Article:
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Rustic Charm

Idaho, a landlocked state in the north-western region of the US, is large, with breathtaking landscapes, sparsely populated small towns, green topography and a hospitable local population. The cities may not be the most popular ones, but the old-setting towns allure picnickers from across the world to historic sites and recreation areas, which have been preserved here.

In comparison to other vivid capitals, Boise wears a slightly demure look but nevertheless boasts several highrises, shopping arcades and architecture that are city’s main attractions. Located on the banks of the Boise River, this is one of the most populated cities in the north-western region and is the financial hub of the state.

Downtown Boise is home to many pivotal skyscrapers, posh localities and an array of dining choices on the lively 8th Street – the pedestrian zone. It is the North End that has striking boulevards, which hitherto have also been preserved.

Natural hot springs are a point of interest, situated in the Warm Springs area of the city. Other sites that are picturesque on reel are Zoo Boise, State Capitol, the Bogus Basin ski area and Boise Towne Square Mall.

Among other urbanised destinations within the state, Idaho Falls comprises world-class outdoor activities as well as a high standard of living, with the wealthiest residing in this city. The conurbation is known for its historic downtown, decked in red-stone buildings and Idaho Falls on the Snake River.

Another rapidly growing city – the second largest in the state – is Nampa. It swarms with parks, recreation areas and entertainment venues. Pocatello is an important metropolitan area and a centre for agriculture. Its colourful edifices and meadows are very charming.

Of the smaller towns, Paris and Wallace are pioneer locations. Mormon Tabernacle in Paris, a sandstone church, is an impressive landmark, while Wallace is a historic city and has various mining communities – many of them deserted.

The numerous towns and cities within the boundary of this ‘green state’ boast an untouched environment and cowboy culture, which are not only cinematographically appealing but can be tweaked for any film genre. And all this coupled with a whopping incentive makes it a great filming location.


• Naturally cost-effective locations and crew.

• Experienced film office that knows what you need – the film commission is the best source to attain permits for filming in the cities and counties; public lands and Idaho highways.

• Idaho is a land of wide-open spaces, small towns and friendly, helpful locals. It’s got something for everyone – some of the most diverse topography of all the 50 US states.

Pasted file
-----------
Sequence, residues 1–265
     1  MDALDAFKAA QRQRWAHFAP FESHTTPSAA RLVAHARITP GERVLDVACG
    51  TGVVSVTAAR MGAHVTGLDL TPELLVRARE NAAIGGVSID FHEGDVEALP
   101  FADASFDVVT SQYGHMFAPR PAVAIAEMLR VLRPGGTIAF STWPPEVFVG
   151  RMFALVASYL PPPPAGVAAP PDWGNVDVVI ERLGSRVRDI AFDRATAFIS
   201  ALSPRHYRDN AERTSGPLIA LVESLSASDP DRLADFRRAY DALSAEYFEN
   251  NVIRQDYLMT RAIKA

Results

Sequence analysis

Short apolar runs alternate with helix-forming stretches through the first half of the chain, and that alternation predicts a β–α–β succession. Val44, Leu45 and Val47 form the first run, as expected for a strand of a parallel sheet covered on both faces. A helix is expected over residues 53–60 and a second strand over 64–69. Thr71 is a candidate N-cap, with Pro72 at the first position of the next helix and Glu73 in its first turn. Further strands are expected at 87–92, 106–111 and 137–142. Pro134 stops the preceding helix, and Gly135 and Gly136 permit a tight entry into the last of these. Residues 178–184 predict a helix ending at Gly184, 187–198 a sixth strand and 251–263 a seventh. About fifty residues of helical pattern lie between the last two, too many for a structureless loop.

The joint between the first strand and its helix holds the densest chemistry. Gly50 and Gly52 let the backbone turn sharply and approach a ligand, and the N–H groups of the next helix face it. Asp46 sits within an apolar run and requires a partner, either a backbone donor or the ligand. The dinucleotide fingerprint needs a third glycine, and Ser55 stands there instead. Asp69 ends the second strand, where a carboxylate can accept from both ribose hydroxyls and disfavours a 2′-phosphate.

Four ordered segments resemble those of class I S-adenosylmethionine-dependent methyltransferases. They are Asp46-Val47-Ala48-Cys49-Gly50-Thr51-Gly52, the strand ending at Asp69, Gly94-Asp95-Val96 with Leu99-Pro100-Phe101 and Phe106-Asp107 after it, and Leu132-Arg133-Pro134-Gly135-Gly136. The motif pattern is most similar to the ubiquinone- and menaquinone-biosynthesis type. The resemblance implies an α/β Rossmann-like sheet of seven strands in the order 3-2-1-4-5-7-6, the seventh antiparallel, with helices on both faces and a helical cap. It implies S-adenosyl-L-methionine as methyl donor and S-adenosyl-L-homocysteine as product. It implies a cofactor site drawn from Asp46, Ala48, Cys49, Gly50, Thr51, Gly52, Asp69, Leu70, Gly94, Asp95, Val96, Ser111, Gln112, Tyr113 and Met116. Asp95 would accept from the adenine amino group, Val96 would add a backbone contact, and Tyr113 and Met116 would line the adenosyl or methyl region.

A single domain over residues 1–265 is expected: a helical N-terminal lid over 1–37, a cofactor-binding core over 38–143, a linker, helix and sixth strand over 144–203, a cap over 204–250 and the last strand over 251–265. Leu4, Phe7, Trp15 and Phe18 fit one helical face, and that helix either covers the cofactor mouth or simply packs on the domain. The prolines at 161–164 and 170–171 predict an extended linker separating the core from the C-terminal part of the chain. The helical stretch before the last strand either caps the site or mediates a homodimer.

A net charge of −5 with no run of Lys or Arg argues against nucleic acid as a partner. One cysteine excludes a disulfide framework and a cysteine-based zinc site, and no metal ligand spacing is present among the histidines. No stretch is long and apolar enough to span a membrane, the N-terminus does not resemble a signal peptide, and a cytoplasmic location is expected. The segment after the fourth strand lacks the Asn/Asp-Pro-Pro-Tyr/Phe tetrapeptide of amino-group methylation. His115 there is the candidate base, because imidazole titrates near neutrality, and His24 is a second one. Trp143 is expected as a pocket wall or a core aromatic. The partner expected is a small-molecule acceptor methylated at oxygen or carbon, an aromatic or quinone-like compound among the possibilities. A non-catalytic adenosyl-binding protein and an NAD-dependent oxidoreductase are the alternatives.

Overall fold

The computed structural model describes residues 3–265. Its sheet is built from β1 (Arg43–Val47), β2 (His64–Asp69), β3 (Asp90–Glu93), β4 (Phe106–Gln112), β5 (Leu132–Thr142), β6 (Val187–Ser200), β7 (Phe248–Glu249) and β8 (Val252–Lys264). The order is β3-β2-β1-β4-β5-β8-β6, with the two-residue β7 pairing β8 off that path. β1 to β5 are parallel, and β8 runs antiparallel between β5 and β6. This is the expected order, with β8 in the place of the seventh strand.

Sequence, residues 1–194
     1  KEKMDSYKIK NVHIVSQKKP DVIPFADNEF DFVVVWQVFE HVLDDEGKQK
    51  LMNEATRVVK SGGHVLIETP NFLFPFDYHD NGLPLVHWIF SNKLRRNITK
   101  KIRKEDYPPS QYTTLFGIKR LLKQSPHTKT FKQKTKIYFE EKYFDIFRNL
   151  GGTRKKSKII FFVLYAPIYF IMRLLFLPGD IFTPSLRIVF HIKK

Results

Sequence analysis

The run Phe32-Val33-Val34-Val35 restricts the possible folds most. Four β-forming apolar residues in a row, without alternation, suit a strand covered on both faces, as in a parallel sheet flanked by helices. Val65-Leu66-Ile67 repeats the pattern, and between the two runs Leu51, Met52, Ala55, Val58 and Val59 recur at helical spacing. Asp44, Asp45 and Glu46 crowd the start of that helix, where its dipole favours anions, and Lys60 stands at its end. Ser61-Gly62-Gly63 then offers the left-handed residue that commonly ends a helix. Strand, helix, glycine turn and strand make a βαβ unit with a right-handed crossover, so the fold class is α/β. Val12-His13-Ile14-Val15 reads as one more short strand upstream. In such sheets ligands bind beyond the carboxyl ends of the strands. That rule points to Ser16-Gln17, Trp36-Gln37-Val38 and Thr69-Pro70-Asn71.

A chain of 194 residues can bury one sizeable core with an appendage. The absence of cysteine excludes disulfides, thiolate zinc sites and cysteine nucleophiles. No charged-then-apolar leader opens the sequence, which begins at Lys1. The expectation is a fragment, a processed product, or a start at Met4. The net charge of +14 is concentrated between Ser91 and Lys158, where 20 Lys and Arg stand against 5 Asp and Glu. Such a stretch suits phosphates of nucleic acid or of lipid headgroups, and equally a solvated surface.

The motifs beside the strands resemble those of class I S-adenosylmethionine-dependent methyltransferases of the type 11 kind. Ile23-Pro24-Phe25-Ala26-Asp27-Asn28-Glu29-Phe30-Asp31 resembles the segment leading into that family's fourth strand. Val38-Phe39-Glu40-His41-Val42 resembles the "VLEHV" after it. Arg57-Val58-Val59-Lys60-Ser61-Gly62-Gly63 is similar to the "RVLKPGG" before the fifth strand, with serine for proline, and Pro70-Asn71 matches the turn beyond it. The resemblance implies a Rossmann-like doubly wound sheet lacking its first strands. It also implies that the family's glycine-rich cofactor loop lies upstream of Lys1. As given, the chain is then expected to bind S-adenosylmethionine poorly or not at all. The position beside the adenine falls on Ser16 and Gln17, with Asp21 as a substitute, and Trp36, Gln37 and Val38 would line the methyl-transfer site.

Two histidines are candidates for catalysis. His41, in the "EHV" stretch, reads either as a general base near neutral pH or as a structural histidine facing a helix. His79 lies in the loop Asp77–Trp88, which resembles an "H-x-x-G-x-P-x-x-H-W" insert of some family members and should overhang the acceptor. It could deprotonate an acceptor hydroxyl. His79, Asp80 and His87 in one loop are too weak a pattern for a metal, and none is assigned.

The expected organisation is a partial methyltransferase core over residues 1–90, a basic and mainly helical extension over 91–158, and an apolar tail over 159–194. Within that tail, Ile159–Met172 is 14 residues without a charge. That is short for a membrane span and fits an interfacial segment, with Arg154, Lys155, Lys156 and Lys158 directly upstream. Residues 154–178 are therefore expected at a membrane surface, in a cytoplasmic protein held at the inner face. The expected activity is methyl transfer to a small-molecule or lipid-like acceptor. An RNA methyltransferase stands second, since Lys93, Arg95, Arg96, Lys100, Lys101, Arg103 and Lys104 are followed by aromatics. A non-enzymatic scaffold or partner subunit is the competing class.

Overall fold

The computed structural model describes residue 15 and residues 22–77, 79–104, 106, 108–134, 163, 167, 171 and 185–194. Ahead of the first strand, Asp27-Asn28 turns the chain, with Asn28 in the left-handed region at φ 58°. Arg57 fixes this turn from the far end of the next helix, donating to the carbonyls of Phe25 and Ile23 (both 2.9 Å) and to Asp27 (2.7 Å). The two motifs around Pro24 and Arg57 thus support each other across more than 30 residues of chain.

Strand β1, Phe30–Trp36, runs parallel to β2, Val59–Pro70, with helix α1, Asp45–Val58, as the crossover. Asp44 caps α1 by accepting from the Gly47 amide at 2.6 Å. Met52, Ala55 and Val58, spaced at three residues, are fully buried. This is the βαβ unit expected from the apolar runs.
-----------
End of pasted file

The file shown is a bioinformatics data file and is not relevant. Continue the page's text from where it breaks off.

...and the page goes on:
• The film office also helps production houses to find professional crews, equipment, support services, experienced location scouts and managers, unit production managers and coordinators, and production services companies with Red One, HD and film cameras; and a full spectrum of motion graphics, sound mixing and editing facilities.


The programme provides a 20-per cent rebate for qualifying productions on all goods and services purchased in Idaho if at least $ 200,000 is spent in the state and at least 20 per cent of crew are Idaho residents (will slide up to 30 per cent over time). Capped at $ 500,000 per production, the programme includes feature films, television pilots and episodes, documentaries and commercials.


Idaho has a rebate of 6 per cent sales tax on tangible personal property (which excludes consumables such as food) when $ 200,000 is spent on a wide variety of qualifying expenses.


Production personnel who are staying 30 days or more in Idaho lodging facilities are totally exempt from both sales and lodging taxes, currently 8 per cent. Local option taxes levied in certain communities would also be exempt.


Idaho is naturally more cost-effective without piles of paperwork. Built-in incentives include reasonable prices on crew hires, lodging, goods and services. Permits are not required for any cities other than Coeur d’Alene but are required for Idaho’s public lands. Federally-managed public lands in Idaho include national monuments and reserves (National Park Service), national forests (US Forest Service) and lands managed by the Bureau of Land Management.

FEDERAL TAX INCENTIVE (American Jobs Creation Act)

The incentives are available to all taxpayers, including companies, as long as they pay taxes.

• Section 181 – any taxpayer, individual or company that invests in a qualifying film receives 100 per cent loss in the year or years the money is spent.

• The limit is up to $ 15 million.

• Section 199 applies to film, music, video and all other manufacturing companies. As for music, it would apply only to those who compose, manufacture, and receive income from the sale of their music. It is the same for film and video.

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